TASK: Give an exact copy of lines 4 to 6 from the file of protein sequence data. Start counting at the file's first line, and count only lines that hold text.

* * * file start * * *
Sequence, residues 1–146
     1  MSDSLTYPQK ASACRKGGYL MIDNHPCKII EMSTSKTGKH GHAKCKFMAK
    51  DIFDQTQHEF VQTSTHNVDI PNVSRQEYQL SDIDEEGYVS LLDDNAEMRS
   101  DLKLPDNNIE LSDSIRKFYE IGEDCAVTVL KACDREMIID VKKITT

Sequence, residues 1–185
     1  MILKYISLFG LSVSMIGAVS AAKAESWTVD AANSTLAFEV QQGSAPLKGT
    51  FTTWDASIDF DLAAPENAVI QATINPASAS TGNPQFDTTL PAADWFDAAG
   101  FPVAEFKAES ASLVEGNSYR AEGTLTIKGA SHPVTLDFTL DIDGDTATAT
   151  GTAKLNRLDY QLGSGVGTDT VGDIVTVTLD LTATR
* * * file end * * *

   101  DLKLPDNNIE LSDSIRKFYE IGEDCAVTVL KACDREMIID VKKITT

Sequence, residues 1–185
     1  MILKYISLFG LSVSMIGAVS AAKAESWTVD AANSTLAFEV QQGSAPLKGT